Sixth-grade students headed to Grant Park on Wednesday, October 24, for a geocaching experience. Middle school geography teacher Carly Carey led her students outdoors, incorporating experiential learning in her lesson plan. “We spent the first term becoming familiar with the five themes of geography, one of which is location,” said Carey. “Elements of location include latitude, longitude, intersections, and coordinates.” Carey used geocaching as a tool to aid in the understanding of absolute location. “Now, N 39° 38.336 W 0840° 10.431 isn’t a random coordinate,” said Carey. “It is a geocache that students found themselves in Grant Park.”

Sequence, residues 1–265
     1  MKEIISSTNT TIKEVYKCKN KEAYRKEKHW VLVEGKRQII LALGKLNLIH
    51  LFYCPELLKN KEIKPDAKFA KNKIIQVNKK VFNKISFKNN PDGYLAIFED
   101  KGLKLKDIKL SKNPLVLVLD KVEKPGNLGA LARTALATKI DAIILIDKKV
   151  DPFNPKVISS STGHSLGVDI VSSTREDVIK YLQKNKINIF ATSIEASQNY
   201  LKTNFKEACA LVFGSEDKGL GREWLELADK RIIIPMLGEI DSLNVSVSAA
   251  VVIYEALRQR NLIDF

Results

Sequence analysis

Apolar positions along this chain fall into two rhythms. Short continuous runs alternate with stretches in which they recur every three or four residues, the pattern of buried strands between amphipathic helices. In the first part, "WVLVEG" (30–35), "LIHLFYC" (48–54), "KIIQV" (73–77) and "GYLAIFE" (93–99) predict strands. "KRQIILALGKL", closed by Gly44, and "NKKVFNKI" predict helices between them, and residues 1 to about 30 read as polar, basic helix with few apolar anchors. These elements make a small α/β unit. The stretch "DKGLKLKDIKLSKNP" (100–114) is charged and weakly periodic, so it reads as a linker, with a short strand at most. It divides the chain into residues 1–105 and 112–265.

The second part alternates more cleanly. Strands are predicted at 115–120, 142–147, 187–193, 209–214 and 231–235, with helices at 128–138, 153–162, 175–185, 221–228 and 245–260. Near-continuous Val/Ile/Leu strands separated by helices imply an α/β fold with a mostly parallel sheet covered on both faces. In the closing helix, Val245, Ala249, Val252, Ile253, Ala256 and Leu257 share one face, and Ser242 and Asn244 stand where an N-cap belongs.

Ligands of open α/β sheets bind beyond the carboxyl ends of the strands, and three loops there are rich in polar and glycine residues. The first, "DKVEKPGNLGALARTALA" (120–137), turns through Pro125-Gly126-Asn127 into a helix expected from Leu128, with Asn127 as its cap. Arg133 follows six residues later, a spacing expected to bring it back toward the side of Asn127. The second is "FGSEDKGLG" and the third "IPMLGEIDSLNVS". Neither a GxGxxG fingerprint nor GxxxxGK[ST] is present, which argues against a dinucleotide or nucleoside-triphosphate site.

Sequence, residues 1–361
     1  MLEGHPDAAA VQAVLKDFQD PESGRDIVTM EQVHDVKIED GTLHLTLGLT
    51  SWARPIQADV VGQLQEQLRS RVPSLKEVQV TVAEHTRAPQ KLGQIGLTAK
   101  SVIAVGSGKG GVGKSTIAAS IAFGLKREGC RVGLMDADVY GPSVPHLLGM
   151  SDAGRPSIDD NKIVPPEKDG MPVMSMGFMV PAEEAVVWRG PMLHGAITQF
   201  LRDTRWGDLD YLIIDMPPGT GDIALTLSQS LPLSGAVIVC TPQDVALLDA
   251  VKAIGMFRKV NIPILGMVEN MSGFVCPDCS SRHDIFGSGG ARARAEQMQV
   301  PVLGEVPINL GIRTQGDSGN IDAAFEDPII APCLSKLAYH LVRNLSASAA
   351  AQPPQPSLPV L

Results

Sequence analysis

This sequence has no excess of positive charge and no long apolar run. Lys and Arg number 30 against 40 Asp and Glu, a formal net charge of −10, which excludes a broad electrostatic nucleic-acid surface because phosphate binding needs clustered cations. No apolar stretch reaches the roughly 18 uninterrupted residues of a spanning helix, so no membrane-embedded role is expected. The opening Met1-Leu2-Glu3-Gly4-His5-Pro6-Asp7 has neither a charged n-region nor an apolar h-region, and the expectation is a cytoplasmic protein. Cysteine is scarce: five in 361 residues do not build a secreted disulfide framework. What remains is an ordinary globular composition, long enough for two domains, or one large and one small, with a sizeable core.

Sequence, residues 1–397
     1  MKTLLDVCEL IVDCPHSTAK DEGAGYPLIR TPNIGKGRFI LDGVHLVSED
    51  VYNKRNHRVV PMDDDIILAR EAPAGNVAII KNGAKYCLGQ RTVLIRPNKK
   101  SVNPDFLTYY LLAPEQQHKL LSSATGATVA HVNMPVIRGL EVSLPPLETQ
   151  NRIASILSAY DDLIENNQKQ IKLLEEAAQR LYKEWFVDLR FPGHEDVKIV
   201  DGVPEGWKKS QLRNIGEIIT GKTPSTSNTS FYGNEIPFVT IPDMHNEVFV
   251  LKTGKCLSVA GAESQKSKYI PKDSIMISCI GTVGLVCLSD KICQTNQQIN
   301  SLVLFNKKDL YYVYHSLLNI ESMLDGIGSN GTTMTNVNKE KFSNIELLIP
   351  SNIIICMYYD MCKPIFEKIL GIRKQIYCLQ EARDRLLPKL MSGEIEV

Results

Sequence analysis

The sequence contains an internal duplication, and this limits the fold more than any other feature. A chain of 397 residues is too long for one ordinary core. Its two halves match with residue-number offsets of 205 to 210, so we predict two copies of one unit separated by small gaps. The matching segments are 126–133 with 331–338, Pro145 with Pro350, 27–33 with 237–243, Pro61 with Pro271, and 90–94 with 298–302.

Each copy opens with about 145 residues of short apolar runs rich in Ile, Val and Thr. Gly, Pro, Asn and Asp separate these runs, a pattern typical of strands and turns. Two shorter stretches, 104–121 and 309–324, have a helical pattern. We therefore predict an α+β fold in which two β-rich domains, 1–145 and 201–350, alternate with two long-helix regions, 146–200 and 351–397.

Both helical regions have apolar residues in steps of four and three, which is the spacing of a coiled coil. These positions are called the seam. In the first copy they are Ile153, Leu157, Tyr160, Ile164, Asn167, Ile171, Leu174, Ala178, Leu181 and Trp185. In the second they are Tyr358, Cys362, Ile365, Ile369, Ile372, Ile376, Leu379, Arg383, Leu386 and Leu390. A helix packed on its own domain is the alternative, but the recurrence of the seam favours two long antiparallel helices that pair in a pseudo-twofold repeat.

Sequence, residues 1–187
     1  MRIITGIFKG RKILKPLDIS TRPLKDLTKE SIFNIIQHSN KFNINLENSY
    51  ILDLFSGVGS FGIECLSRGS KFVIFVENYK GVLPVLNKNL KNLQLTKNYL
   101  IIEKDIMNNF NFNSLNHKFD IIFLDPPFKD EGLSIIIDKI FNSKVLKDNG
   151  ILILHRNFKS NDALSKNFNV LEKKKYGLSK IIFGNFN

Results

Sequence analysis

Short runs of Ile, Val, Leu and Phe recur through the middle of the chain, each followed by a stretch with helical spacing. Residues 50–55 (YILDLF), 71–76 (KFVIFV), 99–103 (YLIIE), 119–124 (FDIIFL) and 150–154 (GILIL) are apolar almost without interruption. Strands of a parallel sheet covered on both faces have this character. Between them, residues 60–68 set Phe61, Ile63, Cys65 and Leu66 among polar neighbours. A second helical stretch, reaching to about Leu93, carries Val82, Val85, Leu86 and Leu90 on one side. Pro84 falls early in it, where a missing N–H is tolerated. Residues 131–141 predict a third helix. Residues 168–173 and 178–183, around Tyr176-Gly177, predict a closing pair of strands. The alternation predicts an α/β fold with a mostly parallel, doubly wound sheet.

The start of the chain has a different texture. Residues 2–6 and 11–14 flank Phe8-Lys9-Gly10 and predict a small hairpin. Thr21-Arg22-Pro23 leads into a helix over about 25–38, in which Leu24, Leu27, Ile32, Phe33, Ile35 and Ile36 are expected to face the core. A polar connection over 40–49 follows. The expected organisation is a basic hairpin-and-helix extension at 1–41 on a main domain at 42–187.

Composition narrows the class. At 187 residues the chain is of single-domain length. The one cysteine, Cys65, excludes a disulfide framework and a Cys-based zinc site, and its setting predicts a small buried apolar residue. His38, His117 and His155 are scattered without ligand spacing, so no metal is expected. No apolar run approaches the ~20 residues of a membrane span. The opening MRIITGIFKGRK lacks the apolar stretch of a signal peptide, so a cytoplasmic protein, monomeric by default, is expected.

Geocaching is an outdoor activity in which participants use a GPS to seek items called “caches.” Caches are hidden by others and their locations are submitted online to a universal geocaching site. Geocaching seekers then use a GPS and coordinates to locate the registered caches.
“I hope the sixth-graders connect classroom learning to the real world,” said Carey. “Geocaching encourages students to become self-sustaining learners. Through trial and error, groups must find the hidden item.” Caches are containers with interesting trinkets–nothing of substantial value since the focus of geocaching is the process.
“It was an adventure,” said Nelly Rose ’19. “It was neat to discover that learning can feel like recreation.”